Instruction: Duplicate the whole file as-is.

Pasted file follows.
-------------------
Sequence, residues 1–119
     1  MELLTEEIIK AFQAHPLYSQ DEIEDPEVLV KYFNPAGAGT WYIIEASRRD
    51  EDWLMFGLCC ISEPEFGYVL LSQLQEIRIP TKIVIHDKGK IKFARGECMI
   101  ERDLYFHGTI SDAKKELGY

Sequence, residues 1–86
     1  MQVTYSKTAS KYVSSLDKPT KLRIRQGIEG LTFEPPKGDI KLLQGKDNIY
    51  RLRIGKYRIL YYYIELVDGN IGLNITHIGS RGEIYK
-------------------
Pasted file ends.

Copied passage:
Sequence, residues 1–119
     1  MELLTEEIIK AFQAHPLYSQ DEIEDPEVLV KYFNPAGAGT WYIIEASRRD
    51  EDWLMFGLCC ISEPEFGYVL LSQLQEIRIP TKIVIHDKGK IKFARGECMI
   101  ERDLYFHGTI SDAKKELGY

Sequence, residues 1–86
     1  MQVTYSKTAS KYVSSLDKPT KLRIRQGIEG LTFEPPKGDI KLLQGKDNIY
    51  RLRIGKYRIL YYYIELVDGN IGLNITHIGS RGEIYK